Unlike married couples or civil partners where there is legislation in place to help with the arrangements upon separation and protect the rights of both parties based on fairness and equality, this is not the same for unmarried couples who have lived together and shared finances.
When a married relationship or civil partnership ends, the Court in Financial Provision proceedings has the power of adjustment. This means that the court applies to principle of fairness and equality when dividing the family assets, often using discretion to adjust ownership between the couple.
When an unmarried relationship ends, the Court can only exercise a declaratory function. This means it divides assets on the basis of who already owns what, and not who should own what, no matter how long established the relationship.
There is no such concept as common law marriage and even if couples live together and share their assets and finances for many, many years, there is no automatic right to assume that those assets and finances will be shared equally on separation.
Dividing the assets of unmarried couples is a very complicated area and it is essential that legal advice is taken as soon as possible. It is governed under trust law, and legal advice should be taken at the earliest possibility to protect any rights each party has and prevent disposal of assets before those rights have been established.
In some situations, although one partner can be the sole legal owner of a shared home, the other partner may have a legally enforceable interest in the property by arguing that there is or has been a trust created. Similarly, two partners may jointly appear as legal owners of a home, but that does not necessarily mean that each owns an equal share.
Where a couple own a home jointly, if they expressly state at the time of purchase what share each of them has in the property and this is properly and legally recorded, this will be binding on them. This is usually done in the conveyancing process when the purchase is registered at the Land Registry or by entering into a cohabitation / living together agreement.
Where no such express declaration was made at the time of purchase, and a disagreement occurs upon separation, the Court can decide what share each owner has, by taking into account evidence of intention and contribution. For example the Court will consider who paid what towards the purchase of the home and what the implied intention was at the time of purchase. This is complicated trust law and requires expert legal advice.
If the home of an unmarried couple is in the name of one party only, the other Party would have to establish an interest in the property by one of the following: –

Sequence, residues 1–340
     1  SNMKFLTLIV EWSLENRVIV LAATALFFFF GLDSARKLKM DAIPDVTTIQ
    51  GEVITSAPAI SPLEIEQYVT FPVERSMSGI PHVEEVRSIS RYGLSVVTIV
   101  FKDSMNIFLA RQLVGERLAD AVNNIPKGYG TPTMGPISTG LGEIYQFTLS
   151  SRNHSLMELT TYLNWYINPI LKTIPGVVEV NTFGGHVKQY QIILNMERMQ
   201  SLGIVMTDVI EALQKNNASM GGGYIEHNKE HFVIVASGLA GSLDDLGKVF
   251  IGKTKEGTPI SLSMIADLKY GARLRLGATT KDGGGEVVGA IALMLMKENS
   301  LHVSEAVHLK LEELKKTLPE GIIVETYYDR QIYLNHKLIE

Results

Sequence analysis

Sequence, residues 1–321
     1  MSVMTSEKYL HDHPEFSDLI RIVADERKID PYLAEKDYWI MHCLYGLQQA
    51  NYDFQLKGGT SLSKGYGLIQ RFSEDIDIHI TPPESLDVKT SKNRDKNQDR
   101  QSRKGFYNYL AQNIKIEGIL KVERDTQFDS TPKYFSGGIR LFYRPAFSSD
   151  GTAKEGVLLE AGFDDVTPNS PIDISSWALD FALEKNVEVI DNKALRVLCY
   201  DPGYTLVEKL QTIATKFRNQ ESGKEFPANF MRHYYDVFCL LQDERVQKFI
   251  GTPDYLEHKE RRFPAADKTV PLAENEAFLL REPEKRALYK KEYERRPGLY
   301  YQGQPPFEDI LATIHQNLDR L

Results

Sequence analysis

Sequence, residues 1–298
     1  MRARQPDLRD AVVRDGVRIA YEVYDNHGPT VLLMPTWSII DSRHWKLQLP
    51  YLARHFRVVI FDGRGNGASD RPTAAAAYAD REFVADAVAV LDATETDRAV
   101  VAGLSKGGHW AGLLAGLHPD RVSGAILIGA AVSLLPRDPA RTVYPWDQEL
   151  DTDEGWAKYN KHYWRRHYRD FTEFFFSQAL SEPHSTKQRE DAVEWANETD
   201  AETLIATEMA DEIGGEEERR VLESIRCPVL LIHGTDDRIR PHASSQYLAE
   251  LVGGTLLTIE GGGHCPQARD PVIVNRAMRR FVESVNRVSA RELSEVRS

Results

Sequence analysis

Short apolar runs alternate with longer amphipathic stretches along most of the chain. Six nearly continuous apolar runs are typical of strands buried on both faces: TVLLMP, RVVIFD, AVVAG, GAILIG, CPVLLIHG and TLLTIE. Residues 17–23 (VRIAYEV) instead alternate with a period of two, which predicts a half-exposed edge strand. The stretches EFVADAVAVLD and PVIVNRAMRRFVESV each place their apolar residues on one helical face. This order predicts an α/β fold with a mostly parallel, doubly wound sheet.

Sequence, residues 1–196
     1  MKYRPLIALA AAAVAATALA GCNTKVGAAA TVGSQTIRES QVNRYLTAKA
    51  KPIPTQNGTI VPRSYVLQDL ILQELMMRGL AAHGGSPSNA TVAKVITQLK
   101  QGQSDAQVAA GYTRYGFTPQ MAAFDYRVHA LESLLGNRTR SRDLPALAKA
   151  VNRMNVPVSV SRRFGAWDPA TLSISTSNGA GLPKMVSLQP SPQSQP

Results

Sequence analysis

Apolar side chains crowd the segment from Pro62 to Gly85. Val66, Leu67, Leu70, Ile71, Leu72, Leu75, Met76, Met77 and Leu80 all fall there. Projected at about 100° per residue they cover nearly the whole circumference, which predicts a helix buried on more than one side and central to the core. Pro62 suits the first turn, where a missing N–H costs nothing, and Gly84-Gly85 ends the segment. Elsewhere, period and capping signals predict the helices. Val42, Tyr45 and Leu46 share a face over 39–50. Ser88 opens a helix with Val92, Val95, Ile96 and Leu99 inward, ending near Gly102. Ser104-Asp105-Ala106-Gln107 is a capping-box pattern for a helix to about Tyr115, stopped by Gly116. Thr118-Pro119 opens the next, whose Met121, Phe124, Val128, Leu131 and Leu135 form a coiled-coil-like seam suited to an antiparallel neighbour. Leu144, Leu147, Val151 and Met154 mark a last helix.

- A Resulting Trust – There is a legal presumption that if money is contributed to a property by someone who is not a legal owner, and the conduct of each party appeared to show there was an intention for the property to be shared, then the non-owner acquires a legal interest by way of a resulting trust to a share of the property proportionate to that contribution. The contribution could be a direct contribution e.g. by paying a lump sum towards the initial purchase price or by making payments towards the mortgage. However if it can be proved that the contribution was intended as a gift or loan, then no resulting trust arises.
- A Constructive Trust – If both parties agree that the non-owner will have a share in the home, and the non-owner relies on that by making financial contributions to the property, then the non-owning party can argue that a constructive trust was created giving them the benefit of a share in the property. The contribution to the property might be by paying the mortgage, or substantial renovations or repairs to enhance the value of the property.
- Proprietary Estoppel – Where the owner of a property makes a promise to the non-owner to give him or her a share of the property, or allows the non-owner to believe that he or she has or will have a share of the property, and where the non-owner relies on this promise or belief, to his or her financial detriment, the Court may believe it is unfair to prevent the owner from going back on the promise. This financial detriment could include, for example, a non-owner giving up his/her own property, undertaking renovations and / or financial contributions. It does not necessarily have to be expenditure on the house in question. However the remedy may be damages only, rather than a share of the house.